john said...

Here's a fact for those Americans who think Canadians are taxed too heavily: I am a single man, making a bit above the national average income. My effective tax rate last year (amount payable divided by total income) was 20.3%

Now, how much extra do I pay for my universal health care? Zip. It comes out of the taxes. When I moved to my current province of residence, all I had to do was send in a form to the government. I got a health card in the mail a short time later. When I go to my doctor or the hospital, I give them the number on that card, and I pay nothing.

I've given money to a hospital billing department once in my life. I had to stay overnight after having my gall bladder removed. Health care covered a semiprivate room. I wasn't feeling sociable, so I upgraded to private. It cost me ten bucks.

Charles said...

Last night in McCain's acceptance speech, he said, to boos from his kool-aid drinking audience, how Obama will force people into "government-run" health care where there is a bureaucrat between you and your doctor. It's just such a big fat lie on so many levels.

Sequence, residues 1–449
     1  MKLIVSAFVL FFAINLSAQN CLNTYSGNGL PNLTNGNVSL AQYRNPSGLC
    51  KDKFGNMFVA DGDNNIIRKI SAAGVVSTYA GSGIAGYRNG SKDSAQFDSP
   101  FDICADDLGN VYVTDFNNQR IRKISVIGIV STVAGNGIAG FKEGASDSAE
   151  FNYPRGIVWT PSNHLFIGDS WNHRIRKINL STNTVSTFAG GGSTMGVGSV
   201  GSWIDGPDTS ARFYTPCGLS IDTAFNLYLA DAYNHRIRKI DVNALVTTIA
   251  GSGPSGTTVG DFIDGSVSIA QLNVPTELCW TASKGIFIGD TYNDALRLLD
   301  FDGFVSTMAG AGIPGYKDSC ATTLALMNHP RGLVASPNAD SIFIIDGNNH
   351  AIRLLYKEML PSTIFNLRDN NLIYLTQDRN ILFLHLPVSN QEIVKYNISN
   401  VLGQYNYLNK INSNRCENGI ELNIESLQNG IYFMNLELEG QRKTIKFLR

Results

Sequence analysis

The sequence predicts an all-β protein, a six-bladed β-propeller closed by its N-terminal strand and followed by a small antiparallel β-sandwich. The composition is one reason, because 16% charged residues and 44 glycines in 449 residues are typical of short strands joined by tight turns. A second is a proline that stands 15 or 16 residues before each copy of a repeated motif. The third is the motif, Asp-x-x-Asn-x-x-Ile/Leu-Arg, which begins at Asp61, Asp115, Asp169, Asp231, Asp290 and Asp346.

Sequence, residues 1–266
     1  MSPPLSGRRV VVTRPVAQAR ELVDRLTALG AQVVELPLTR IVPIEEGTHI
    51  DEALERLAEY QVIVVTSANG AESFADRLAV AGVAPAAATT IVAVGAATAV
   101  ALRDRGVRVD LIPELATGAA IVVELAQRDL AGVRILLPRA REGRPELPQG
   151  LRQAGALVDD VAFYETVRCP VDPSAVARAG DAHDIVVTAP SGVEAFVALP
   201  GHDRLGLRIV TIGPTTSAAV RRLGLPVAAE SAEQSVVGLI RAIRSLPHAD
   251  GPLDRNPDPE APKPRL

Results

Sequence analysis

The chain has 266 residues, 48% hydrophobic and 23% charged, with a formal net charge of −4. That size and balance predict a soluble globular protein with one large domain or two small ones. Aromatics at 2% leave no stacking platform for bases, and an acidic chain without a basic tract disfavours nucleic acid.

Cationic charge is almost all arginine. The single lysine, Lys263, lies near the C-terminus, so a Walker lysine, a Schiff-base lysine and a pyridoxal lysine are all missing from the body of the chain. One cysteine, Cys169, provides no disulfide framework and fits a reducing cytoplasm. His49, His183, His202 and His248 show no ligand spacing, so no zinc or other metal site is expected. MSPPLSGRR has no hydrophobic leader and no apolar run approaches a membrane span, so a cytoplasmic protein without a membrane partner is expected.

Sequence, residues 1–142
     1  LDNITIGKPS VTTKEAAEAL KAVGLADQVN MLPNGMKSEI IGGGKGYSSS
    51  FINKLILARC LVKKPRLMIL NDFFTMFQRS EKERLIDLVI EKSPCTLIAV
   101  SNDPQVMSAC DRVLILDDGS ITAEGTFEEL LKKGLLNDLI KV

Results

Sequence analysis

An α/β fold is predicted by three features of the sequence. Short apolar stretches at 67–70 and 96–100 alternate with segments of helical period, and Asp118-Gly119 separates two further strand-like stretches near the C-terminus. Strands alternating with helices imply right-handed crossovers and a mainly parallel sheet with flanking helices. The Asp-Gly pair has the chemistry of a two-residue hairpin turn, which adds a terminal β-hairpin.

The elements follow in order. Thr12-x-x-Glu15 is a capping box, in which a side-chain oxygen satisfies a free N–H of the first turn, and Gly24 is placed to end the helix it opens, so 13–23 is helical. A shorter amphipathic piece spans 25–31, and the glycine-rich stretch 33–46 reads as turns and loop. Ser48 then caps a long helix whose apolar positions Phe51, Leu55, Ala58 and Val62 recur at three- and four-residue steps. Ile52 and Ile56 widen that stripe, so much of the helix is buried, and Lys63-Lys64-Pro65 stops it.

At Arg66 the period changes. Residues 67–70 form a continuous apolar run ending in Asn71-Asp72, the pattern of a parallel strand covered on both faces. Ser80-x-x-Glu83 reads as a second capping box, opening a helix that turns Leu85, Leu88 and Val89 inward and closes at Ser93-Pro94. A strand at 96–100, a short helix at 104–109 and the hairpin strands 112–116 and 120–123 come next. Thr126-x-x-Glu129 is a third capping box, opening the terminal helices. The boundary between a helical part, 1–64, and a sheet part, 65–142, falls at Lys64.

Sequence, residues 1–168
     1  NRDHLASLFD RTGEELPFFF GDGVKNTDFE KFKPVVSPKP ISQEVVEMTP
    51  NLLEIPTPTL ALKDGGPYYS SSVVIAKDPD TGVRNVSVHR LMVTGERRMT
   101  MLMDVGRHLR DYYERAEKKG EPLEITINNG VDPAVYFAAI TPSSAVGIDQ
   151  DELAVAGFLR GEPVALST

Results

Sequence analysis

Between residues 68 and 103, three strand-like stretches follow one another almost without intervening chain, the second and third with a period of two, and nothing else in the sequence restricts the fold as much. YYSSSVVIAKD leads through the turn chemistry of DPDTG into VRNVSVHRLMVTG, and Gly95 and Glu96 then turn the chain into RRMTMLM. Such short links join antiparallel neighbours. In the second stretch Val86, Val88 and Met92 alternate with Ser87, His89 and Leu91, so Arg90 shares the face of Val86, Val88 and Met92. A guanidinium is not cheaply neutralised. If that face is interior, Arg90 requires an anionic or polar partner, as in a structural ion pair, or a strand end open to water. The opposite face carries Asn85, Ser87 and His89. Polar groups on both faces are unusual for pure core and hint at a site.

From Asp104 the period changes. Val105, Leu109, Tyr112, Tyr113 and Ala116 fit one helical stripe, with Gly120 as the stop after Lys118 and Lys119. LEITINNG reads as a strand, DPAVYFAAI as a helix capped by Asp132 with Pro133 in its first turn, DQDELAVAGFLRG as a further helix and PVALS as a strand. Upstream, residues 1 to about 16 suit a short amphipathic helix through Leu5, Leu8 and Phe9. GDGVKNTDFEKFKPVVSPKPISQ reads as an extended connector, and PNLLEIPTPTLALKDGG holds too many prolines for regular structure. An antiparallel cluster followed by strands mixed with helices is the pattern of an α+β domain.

Right now there is already a bureaucrat between me and my doctor. It's a private sector bureaucrat who works for an insurance company. This bureaucrat's job is to find a loophole to wiggle out of paying benefits, so as to benefit the shareholders of the insurance company, which is the top priority of any publicly traded company no matter what they say.

Second, I've already lived under a single payer system in the UK, so I know better. Compared to here in the U.S. it was notable for its lack of bureaucracy. On my one visit to the emergency room there, I was seen right away and all they did was to ask me who my GP was. That is in stark contrast to waiting hours at a hospital here in DC, and having to fill out insurance forms on admission which I could hardly see because of an eye injury which was the reason I was there. In the UK, no money changed hands, no insurance forms were filled out. Likewise, there was neither exchange of money nor form filling when I went to see my doctor in the UK.

Third, if only it were true that Obama were supporting "government-run health care". Alas, he is not.

M@ said...

For many people, it is literally unbelievable.

Damn, I missed one!